Nominal cardiac output L/min

8

4

0

Nominal systemic vascular resistance dyn.sec.cm-5

3000

2000

1000

0

Blood pressure mm Hg

200

100

0

Heart rate beats/min and nominal stroke volume mL

150

100

50

0

0 10 20 30 40

A minutes B


Posterior reversible encephalopathy syndrome (PRES):

Occipital-parietal cortical and white matter changes in pre-eclampsia.

Is this due to capillary damage in the brain?

Port JD, Beauchamp

RadioGraphics 1998; 18:353-36ı


Edema– imagine same process in liver and brain!


Central thesis of pre-eclampsia: signs and symptoms are due to arterial, arteriolar and capillary endothelial damage.

Damage by what?

Chemical mediators from placenta.


Pre-eclampsia:

Probably a

disorder of placentation.


Pre-eclampsia: ischemic chorionic villi release pre-E mediators into maternal blood.

Say“OUCH!”

Pre-E

mediators

Poor placentation

www.siumed.edu/~dking2/erg/images/placenta.jpg


What are the pre-E mediators?

  • Pre-E: imbalance between proangiogenic factors (VEGF and PlGF) and anti-angiogenic factors (sVEGFR-1, also known as sFLt1, and soluble endoglin, s-Eng)


Does pre-eclampsia involve an imbalance in angiogenic and anti-angiogenic factors?

Angiogenic factors:

VEGF and PlGF

Anti-angiogenic factors:

sENG and sVEGFR1

Healthy endothelium

Unhealthy endothelium

Romero R et al, The Journal of Maternal-Fetal and Neonatal Medicine, January 2008; 21(1): 9–23


Proper placentation:

  • Syncytiotrophoblast invades and denervates maternal spiral arterioles to ensure a LOW RESISTANCE AV fistula in the intervillous spaces.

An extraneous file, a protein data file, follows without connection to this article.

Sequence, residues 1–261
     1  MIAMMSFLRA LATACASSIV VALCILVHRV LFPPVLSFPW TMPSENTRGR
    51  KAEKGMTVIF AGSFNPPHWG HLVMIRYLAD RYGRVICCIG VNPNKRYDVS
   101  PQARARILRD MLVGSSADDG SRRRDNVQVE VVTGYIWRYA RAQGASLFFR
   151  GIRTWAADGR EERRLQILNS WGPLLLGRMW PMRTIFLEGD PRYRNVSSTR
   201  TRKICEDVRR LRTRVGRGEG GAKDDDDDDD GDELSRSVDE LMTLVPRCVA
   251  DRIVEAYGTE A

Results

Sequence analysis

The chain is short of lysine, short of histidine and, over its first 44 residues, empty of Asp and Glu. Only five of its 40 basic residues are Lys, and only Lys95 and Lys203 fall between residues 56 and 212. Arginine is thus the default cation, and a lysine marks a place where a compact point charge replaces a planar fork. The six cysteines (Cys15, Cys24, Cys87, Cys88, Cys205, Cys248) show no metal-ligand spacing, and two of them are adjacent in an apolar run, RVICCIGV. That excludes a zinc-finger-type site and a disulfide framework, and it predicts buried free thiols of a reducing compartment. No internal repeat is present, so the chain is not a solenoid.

• This proper placentation FAILS in pre-eclampsia, leading to release of endothelium-damaging mediators from ischemic placenta

  • Result is hypertension, proteinuria and edema, plus IUGR (poor O2 and nutrient transfer to fetus).


Poor-placentation theory of pre-E:

Synciotrophoblast invades myometrium but does not denervate spiral arteries of mother properly.

Hence, intervillous flow is sub-optimal.

Chorionic villi are ischemic and release mediators (VEGF, etc) which damage maternal endothelium.

http://pharyngula.org/images/preeclampsia_model.jpg


Pre-eclampsia: ischemic chorionic villi release pre-E mediators into maternal blood.

Say“OUCH!”

Pre-E

mediators

Poor placentation

www.siumed.edu/~dking2/erg/images/placenta.jpg


www.hgsi.com/invest/annual99/prod_vegf2.htm


VEGF– vascular endothelial growth factor.

Is it good, or bad? Both, of course. Helps to build new blood vessels and breaks down basement membrane in the process.

http://members.aol.com/wayneheim/vegf.jpg


www.hgsi.com/invest/annual99/prod_vegf2.htm


What do we observe in pre-E?